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Dumping of NIWA scientists highlights Govt's carelessness

Published: Tue 15 Mar 2011 09:09 AM
Dumping of NIWA scientists highlights government’s carelessness and myopic vision
Laying-off scientists at the National Institute of Water and Atmospheric Research (NIWA) is a shortsighted move that could hinder innovation and economic gains in the environmental sector says the Public Service Association (PSA).
The crown research company NIWA is proposing to cut 17 science and 17 support staff positions. Most of the science job to be cut are at the company’s Wellington regional office but nationwide include marine taxonomists, molecular biologists, fisheries stock assessment scientists, an environmental economist, a renewable energy scientist/engineer, a catchment water quality modeler, an atmospheric physicist, a marine ecologist, and a remote sensing scientist.
Less than a year ago Prime Minister John Key announced a $321 million, four year investment into Research, Science and Technology and said the government wanted to “...establish a high-performing public science system which supports economic growth and a wider innovation system that encourages firms to increase their investment in and application of research."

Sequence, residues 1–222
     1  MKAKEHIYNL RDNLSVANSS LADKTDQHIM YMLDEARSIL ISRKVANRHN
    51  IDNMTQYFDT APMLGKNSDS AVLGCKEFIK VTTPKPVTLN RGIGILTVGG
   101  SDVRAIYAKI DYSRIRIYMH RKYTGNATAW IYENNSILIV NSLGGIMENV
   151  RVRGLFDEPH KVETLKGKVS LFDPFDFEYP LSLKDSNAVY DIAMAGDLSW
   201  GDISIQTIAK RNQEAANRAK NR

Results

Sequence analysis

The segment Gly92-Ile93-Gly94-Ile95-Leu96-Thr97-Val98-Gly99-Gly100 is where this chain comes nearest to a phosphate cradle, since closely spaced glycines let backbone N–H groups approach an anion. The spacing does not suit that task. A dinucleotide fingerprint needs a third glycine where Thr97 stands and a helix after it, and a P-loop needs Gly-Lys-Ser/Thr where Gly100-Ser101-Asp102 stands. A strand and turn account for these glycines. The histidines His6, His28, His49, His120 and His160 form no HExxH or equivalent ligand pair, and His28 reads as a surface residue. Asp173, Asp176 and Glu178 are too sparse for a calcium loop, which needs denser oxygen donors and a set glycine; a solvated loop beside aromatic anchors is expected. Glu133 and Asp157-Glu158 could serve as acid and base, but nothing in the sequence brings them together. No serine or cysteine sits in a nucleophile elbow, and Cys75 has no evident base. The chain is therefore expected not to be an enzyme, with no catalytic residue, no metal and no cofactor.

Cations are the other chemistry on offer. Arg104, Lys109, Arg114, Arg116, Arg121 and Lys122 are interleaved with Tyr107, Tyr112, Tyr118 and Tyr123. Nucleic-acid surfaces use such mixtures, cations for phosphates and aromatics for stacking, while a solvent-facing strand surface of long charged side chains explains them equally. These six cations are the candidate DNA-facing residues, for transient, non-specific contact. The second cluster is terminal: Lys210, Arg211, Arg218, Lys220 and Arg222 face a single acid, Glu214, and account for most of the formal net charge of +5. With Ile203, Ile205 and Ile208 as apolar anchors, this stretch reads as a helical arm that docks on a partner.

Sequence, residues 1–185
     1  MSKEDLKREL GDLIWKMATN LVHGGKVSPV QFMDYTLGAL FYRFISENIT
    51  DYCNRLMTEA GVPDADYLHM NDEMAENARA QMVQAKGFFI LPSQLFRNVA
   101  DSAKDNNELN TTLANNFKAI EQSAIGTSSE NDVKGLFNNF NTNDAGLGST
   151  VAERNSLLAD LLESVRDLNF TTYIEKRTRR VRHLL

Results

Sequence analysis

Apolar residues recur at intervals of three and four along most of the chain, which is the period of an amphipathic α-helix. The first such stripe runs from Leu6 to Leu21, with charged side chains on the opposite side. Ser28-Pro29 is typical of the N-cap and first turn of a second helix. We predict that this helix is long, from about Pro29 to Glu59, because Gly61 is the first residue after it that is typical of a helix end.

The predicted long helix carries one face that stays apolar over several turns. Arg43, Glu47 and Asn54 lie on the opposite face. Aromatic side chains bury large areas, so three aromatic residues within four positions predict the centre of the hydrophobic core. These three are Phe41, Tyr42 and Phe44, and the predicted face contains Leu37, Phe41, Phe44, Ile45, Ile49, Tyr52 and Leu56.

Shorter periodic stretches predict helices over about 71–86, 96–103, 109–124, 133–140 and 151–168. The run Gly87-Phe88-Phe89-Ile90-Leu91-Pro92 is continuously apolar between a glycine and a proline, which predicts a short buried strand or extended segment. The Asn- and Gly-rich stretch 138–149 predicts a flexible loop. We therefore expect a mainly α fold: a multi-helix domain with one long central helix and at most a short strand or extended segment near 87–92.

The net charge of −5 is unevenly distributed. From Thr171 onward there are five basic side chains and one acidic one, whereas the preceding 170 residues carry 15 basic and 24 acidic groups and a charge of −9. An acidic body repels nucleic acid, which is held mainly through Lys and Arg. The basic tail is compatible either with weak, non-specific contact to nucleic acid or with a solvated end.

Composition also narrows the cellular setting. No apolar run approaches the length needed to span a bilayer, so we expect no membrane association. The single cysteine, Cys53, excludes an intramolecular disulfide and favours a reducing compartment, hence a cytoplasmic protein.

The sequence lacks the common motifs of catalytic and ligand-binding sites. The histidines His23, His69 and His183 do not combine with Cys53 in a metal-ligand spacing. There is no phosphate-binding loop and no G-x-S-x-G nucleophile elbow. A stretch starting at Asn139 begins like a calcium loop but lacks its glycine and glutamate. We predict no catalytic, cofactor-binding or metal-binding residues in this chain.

“In reality the government is doing the opposite of what it announced last year,” says PSA National Secretary Richard Wagstaff.
“Slashing science jobs at NIWA does nothing to support the establishment of a high-performing public science system which supports economic growth.
“Crown research institutes like NIWA carry out work for government departments. Any cuts to government agencies’ budgets will have a flow on effect to public sector science.
It’s not good enough to sit back and tell state sector chief executives “This is your budget, there’s no more money, make it work and by the way turn a profit while you’re at it.” The result is New Zealand is losing its core capacity for innovation.
“These job losses will have a significant impact. Redundancy can be devastating for well-established scientists. These workers are highly specialised and few who are made redundant stay in science.
“Last year AgResearch was forced to slash jobs in wool research when farmers voted down the levy that partly funded the research. Now the government has announced a $17.25 investment into wool research but in the meantime there’s been a huge loss of knowledge and expertise from the field.
The government would do well to bear this in mind because once these highly skilled specialists leave science they are gone forever and that is a huge and expensive loss to New Zealand’s science community,” says Richard Wagstaff.

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